When is “too long” in Japan?


“Been here long?”, or words to that effect, I must have been asked hundreds of times since I moved to Japan. My answer varies. I usually say I’ve been here for about ten years, then have to correct myself when I remember it’s now been 15 years since I arrived in Tokyo. If I’m in a morose mood, I might say, “too long”. Mostly in jest. Whichever, it’s been long enough to no longer consider wearing pajamas in public a sign of mental illness, but not so long that I’ve started bowing when I talk on the phone.

Recently, I’ve been wondering if it actually will ever become too long. Every few months it seems that another long-termer I know leaves Japan for good; or at least what they plan will be for good. Some of them I imagined were nailed down “lifers”, who suddenly (from my perspective) upped and moved for a change of lifestyle, a new job or, in some cases, because they had got to the point with Japan that a move to Mogadishu might have sounded promising. I’m still here, wife, son, dog and all.

I think I fall into the “don’t care” category. I am the middle ground. By no stretch of the imagination am I a Japanophile. I have no desire to master any particular part of Japanese culture and definitely no interest in naturalizing. I’m certainly not in the “see no, speak no, hear no” camp of long-term foreign residents who are very defensive of all things Japanese. I won’t be reminding other foreigners that we “are guests” with no right to voice concerns. We aren’t. We do. If you don’t like something about Japan, you don’t have to choose between grateful silence and “going home”.

I like Japan and its people. There have been moments I’ve been more negative than positive about the place, but since leaving behind a teaching job that I didn’t enjoy almost ten years ago, I like Japan. Like, mind you, not love. My family, a mix of Japanese and British if such labels are important, is involved to a nice degree in our community in Koto-ku, but also in my son’s school community, which itself is a good blend of nationalities. I like my job, too. Actually, I love it and the self-employed lifestyle.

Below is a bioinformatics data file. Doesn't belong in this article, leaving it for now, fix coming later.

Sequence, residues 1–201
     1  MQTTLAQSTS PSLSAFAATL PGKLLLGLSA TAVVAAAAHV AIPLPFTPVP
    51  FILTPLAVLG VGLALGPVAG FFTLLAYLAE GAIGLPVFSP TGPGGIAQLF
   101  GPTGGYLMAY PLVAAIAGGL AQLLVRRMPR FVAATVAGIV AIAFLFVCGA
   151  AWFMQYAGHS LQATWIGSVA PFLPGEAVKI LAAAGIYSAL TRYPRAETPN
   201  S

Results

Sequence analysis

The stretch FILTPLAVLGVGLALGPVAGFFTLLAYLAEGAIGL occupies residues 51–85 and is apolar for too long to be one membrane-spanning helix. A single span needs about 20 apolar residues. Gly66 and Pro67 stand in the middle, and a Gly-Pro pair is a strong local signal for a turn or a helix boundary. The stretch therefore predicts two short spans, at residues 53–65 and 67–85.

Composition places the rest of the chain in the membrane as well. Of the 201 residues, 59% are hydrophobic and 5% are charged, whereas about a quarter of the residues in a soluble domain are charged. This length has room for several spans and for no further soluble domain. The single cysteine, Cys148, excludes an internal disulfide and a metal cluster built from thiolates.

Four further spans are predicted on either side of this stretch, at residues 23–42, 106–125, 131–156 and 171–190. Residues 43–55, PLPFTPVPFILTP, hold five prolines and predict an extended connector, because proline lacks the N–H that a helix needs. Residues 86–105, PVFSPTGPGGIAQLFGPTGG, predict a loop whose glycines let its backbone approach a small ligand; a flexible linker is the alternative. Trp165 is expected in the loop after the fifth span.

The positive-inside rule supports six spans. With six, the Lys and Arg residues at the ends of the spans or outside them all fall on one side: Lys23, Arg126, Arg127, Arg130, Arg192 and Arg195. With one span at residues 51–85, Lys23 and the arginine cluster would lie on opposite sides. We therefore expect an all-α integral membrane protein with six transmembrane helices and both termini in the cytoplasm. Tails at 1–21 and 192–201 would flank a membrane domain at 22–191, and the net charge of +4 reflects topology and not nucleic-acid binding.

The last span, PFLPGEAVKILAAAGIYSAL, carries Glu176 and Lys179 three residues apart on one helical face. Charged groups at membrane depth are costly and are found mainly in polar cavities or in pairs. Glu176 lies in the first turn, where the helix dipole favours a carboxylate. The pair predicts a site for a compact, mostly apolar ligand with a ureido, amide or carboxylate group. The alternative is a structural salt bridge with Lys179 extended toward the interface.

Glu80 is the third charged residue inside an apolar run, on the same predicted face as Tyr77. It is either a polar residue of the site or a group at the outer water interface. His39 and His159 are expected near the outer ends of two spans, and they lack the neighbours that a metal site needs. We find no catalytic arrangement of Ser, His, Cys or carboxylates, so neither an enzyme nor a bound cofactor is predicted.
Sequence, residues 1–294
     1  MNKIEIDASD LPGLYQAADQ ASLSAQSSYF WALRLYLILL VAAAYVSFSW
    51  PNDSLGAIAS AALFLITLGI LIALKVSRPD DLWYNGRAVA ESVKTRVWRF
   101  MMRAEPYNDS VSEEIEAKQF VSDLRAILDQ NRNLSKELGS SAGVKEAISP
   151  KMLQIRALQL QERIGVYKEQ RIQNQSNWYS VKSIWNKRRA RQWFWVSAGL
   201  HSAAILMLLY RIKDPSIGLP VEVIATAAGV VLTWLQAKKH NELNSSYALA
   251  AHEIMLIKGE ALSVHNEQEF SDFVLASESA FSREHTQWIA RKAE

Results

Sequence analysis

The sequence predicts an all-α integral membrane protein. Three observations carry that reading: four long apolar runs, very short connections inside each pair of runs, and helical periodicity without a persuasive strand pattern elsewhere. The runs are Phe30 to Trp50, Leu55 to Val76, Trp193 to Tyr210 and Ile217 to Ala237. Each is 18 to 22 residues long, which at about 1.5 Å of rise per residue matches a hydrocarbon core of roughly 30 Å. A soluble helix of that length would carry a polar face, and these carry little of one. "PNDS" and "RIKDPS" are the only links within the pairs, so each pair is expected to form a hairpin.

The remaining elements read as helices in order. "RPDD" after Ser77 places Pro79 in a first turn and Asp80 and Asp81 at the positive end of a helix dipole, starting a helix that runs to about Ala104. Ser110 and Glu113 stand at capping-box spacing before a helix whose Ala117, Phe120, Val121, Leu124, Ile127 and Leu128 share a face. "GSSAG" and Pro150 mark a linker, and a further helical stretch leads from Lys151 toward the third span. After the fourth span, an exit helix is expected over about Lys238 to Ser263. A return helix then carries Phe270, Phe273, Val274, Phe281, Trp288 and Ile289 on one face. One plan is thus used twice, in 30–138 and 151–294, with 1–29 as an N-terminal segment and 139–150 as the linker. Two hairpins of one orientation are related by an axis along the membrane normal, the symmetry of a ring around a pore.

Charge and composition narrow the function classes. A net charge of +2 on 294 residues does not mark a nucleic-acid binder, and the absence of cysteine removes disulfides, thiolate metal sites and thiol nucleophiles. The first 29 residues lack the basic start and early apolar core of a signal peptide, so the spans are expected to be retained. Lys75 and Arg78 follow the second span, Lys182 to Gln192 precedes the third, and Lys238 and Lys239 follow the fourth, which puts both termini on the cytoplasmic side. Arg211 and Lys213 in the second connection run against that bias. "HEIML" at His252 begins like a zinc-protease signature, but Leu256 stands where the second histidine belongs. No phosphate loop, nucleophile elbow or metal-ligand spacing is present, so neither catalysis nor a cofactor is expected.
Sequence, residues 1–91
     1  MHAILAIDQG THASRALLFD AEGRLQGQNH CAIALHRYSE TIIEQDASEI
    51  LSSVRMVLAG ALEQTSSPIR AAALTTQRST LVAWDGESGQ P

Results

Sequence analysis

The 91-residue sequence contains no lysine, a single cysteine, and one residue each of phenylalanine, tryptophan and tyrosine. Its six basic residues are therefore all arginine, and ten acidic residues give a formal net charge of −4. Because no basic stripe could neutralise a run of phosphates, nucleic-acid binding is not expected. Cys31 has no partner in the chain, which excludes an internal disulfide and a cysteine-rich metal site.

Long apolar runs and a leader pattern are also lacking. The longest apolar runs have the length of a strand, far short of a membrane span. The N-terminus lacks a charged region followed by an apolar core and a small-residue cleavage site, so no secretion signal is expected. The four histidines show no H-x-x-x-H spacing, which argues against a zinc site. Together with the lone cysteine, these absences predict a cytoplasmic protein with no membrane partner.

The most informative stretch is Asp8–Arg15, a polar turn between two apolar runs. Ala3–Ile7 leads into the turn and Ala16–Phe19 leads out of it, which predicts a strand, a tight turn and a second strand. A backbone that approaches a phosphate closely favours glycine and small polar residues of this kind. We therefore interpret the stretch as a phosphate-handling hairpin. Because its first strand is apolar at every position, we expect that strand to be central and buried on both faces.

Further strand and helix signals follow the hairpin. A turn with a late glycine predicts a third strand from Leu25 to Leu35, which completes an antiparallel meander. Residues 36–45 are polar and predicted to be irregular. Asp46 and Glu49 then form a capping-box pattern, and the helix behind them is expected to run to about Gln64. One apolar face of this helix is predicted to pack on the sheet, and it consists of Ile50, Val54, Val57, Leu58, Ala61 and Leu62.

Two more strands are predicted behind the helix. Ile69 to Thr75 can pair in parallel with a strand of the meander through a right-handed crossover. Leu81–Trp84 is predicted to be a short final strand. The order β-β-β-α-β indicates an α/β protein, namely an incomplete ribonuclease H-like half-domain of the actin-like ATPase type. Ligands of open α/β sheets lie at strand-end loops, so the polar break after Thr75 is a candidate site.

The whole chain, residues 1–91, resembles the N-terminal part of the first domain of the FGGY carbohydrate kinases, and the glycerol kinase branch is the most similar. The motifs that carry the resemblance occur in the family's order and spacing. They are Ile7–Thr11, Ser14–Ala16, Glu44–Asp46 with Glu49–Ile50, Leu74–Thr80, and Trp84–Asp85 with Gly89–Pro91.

Living in Tokyo is comfortable. Yes, it’s crowded in places, but I can take the dog for his evening walk and barely see a soul. Likewise if I go for a run along the Arakawa. Tokyo is also safe in many respects, although the prospect of a major earthquake is very real. Living where I do means I’m only minutes away from all the basics: doctor, dentist, library, supermarkets, parks, riverbank, gym, pool, station, and so on. High marks for convenience.

Yet I still don’t love Japan. Japan’s soul and mine aren’t a natural match. We attract in many ways, but isn’t that what opposites are meant to do at times? I’m much more suited to the English countryside or a European city. I may now prefer my fish raw, not deep-fried, but it will always be warm ale not warm sake for me.

So why do I stay? Well, it’s easy to. It’s also hard to leave. At least, that’s how it looks to someone like me who has never tried. My work wouldn’t be affected much by moving back to England (in fact, I might even benefit from it), but my wife would have to give up her job and that would mean a halving of our income. She’d have to settle into a new(ish) culture and go from having a career she likes to what might feel like (or actually might be) very limited work opportunities. I don’t picture her teaching Japanese or doing Japanese cooking classes. And if you knew her, you’d know those cooking classes would be very, very limited in content!

My son would have to say goodbye to friends and a school he loves. He has spent quite a bit of time in the UK and he’s about as bilingual as an 8-year-old can be, but he’d still have a lot of adjustments to make. We would probably have to sell the flat here. And so on it goes. The logistics of so many things would be difficult, especially without an employer doing most of the hard work for us. Can I make any more excuses? Yes, plenty, but I’ll spare you them here and share my conclusion instead. I realize that I stay in Japan because I like it, yes, but equally because I am too idle to make the effort to move on, even though half of me would like to. I doubt I’m the only one like that.